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How has COVID-19 Impacted Healthcare Facility Design?

The COVID-19 pandemic exposed some major flaws in our healthcare system as hospitals and other facilities struggled to provide space for the large influx of patients needing care. Due to the highly contagious nature of the virus, hospitals weren’t able to take in all coronavirus patients because of fear of transmission to healthcare professionals and patients with other symptoms. Modern healthcare facilities need an ability to adapt and be flexible to care for an increased number of patients in the face of a pandemic or other disastrous event, and this is the expected trend with healthcare facility design moving forward even into the post-covid era.

It’s an ever-changing climate of healthcare that we are living in, and nobody is certain what the future of healthcare design will look like, but there are some trends which are expected to be seen in hospital design soon.  

One of the biggest issues with hospitals today is the crowding of certain areas such as waiting rooms and entryways. Coronavirus has heightened everybody’s awareness of the importance of social distancing practices, so how can hospitals adapt to decrease the risk of virus transmission inside of their facilities?  

#1 Virtual Check-ins

Virtual check-ins will create less crowding in the waiting rooms, and simplify the process of going to a healthcare facility. By allowing patients to check in and provide all the necessary information about themselves from their phone or computer, it eliminates the need for them to come into the facility and wait for a doctor to be ready to see them.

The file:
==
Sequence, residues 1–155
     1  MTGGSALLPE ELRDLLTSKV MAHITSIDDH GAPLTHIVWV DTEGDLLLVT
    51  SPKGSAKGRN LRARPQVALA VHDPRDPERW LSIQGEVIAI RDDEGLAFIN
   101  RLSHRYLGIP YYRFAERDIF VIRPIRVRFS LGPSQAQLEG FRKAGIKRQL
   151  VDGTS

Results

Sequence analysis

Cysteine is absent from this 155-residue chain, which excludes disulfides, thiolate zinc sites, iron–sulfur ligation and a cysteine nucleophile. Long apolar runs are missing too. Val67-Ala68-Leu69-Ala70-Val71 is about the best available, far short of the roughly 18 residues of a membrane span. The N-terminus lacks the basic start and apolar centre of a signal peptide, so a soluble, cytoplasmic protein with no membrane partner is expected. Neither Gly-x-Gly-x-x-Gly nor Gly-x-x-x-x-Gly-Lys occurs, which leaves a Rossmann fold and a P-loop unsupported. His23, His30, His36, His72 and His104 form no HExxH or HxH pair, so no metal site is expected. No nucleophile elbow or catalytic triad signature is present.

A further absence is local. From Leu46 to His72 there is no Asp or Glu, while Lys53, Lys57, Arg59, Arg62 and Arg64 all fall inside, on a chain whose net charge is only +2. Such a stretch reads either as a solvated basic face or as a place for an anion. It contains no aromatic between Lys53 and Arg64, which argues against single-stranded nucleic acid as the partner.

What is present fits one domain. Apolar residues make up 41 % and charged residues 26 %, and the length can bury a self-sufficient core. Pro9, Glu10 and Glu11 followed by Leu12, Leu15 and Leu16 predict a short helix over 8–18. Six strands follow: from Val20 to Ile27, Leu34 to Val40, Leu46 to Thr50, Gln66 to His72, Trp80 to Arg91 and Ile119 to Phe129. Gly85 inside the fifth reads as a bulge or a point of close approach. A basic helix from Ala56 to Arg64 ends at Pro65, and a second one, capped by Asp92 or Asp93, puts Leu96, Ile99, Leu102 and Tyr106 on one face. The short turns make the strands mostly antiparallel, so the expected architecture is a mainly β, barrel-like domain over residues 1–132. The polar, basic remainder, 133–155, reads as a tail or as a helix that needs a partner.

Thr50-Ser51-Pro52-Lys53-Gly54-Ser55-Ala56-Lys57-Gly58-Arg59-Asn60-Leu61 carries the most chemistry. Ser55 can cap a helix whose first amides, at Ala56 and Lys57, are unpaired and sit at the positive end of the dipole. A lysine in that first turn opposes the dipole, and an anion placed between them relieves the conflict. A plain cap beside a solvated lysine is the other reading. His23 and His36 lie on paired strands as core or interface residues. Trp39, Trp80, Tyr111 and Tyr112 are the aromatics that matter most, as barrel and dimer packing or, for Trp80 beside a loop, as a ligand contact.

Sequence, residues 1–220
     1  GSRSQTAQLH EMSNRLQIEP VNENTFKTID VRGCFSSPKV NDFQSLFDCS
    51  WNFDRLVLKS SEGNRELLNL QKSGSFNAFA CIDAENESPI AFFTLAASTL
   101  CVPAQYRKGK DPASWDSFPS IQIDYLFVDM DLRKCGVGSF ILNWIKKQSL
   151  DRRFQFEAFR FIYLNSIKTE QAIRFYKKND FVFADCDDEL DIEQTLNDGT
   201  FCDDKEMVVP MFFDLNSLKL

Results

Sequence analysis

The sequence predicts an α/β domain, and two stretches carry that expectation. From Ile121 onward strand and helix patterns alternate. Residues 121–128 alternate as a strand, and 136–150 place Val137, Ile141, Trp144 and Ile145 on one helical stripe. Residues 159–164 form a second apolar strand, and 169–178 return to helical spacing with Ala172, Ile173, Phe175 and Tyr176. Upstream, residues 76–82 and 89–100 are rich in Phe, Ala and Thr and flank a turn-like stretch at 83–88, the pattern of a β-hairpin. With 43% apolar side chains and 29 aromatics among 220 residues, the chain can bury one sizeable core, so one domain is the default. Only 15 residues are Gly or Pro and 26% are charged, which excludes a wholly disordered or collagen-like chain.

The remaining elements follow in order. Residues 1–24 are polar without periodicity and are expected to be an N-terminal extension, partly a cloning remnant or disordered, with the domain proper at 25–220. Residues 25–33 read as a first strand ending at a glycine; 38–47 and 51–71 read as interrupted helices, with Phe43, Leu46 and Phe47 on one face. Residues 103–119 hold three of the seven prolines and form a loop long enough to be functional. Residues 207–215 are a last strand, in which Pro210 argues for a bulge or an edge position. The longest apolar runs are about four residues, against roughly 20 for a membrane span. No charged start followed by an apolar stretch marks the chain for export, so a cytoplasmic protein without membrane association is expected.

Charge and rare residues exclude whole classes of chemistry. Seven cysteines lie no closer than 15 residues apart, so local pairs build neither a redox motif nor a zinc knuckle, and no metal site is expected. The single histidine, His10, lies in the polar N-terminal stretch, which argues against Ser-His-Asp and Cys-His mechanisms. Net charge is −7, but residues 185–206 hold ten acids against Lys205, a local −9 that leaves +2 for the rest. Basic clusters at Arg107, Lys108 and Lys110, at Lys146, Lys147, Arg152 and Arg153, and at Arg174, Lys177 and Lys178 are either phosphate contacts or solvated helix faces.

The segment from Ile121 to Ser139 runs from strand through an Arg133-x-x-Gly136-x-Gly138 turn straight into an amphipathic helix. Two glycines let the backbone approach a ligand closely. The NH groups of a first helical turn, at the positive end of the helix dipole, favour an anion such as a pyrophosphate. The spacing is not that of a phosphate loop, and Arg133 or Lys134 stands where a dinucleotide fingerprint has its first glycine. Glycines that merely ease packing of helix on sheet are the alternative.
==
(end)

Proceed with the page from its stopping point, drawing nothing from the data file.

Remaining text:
This means that patients would be able to wait in the comfort of their own car and not have to worry about being in close proximity to other sick patients who could potentially infect them. Virtual check-ins will greatly improve the ability for healthcare facilities to effectively social distance in their waiting rooms.  

#2 Manage Patient, Staff, and Supply Flow

Hospitals can be confusing and difficult to navigate for first time or non-frequent visitors, so improving patient flow is important to reduce risk of transmission. Better patient and staff flow can be achieved by a few different methods, but the most important factor is communicating to patients and staff what certain areas are designed for.  

  • Widening hallways and walking areas to allow for a two-way flow with a sufficient amount of prevent spread.  
  • Designating certain hallways and one-way walking areas to prevent the crowding of these spaces. 
  • Designating one area as the entrance and another as the exit to minimize the exposure of patients to one another.  
  • Designing certain areas of the facility to be safe zones or hot zones in order to keep contagious patients away from non-contagious ones.

#3 Designing Flexible Facilities with the Ability to Adapt

Hospitals are built in order to be cost-efficient and effective at providing care to patients, but hospital administrators may need to spend some more money in order to be able to adapt in the future. For example, most hospital entryways are not designed to provide screening and separate out potentially contagious patients. A trend that we are seeing with new hospital designs is to create dynamic entrances that create a space for screening and providing appropriate equipment for patients. This includes providing PPE to patients right when they come into the building, as well as placing hand sanitizer dispensers or hand washing stations such as the Lakeside Portable Handwashing Station near the entries. This would help reduce patients anxiety about going to a hospital for the care that they need, which has been reported to be increasing over the past several months.